California On-Call and Standby Time Policy 2024 – All You Need To Know

Frank S. Clowney III

Many California employees have straightforward shifts between 8 and 10 hours. However, some employees have more complex hours, including employees who are on-call or on standby for their job. These employees are not actively completing their job duties, but they must be available in case they are called into work.

This arrangement is necessary for many jobs with late or long shifts, and it does have flexibility benefits. However, it can also restrict an employee’s free time. In some cases, it restricts their time enough that they legally deserve compensation for on-call or standby time. This may even contribute to overtime hours. It’s essential that employees get the compensation they deserve for their time.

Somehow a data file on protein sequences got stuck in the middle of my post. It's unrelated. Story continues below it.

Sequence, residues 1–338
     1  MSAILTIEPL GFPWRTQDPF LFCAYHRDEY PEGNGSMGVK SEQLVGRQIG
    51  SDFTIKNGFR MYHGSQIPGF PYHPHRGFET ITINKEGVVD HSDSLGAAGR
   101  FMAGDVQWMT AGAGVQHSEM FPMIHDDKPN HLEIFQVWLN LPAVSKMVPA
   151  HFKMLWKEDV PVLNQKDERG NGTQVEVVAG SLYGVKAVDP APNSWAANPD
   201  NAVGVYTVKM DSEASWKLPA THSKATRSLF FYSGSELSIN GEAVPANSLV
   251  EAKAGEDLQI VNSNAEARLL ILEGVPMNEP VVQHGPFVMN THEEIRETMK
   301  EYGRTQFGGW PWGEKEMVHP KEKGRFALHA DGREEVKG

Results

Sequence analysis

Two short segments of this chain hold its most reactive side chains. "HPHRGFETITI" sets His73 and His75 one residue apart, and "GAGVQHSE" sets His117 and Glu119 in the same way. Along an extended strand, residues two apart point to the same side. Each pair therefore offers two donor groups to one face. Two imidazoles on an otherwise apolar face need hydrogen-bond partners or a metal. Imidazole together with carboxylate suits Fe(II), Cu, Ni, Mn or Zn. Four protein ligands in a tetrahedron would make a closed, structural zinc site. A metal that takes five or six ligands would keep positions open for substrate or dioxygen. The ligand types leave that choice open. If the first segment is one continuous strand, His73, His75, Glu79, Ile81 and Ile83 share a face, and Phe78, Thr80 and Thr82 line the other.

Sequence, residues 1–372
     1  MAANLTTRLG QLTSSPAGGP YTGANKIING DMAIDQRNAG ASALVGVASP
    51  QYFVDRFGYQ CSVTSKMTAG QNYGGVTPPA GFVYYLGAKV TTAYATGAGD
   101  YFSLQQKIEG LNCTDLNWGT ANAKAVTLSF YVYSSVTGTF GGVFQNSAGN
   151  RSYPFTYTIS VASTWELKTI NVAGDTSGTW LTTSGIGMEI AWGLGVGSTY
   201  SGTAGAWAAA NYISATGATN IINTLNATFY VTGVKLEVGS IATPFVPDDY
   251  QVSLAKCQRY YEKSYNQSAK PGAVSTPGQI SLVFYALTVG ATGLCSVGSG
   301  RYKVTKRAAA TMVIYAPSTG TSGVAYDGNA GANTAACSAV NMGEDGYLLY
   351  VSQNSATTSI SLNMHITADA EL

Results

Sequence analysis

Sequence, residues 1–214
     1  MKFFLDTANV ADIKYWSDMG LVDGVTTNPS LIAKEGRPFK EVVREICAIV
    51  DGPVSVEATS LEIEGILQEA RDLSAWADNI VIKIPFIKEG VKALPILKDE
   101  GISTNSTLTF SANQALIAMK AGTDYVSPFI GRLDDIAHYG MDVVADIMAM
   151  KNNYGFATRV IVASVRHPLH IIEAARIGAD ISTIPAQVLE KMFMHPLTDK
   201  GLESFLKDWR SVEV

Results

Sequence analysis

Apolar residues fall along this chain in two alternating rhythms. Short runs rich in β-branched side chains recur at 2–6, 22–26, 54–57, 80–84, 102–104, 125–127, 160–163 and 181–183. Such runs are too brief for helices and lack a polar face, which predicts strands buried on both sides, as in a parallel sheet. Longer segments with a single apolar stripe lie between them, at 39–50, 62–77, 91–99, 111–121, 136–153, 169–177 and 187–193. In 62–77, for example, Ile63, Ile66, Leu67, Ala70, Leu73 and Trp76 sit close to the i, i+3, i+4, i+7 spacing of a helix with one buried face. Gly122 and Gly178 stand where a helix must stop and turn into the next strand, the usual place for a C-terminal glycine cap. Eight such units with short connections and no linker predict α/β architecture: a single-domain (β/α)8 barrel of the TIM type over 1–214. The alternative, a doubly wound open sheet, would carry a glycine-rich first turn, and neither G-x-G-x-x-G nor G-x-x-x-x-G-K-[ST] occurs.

When Is an On-Call or Standby Employee Entitled to Pay?

An on-call employee is legally entitled to pay if they are engaged to work and their time is subject to their employer’s control. An employer is not required to pay an employee their standard rate for on-call compensation, but the pay can’t be less than the minimum wage.

An employee may be engaged in personal activities during their on-call time, but this doesn’t automatically mean they don’t deserve compensation for that time. Whether or not an employer has significant control over an employee’s time depends on several factors as determined by the court:

  1. If an employee is required to be on the job site or if there are excessive geographical restrictions on their movement. When an employee is required to remain on the work site or is not allowed to be far from work during their on-call time, they should be compensated. Whether a geographical restriction is considered excessive depends on the unique circumstances of a case.
  2. How frequent calls into work are. If an employee frequently receives calls to work that are unduly restrictive, then their time is not under their control, and they deserve compensation. However, if an employee’s on-call time is not often interrupted by calls, compensation may not be necessary.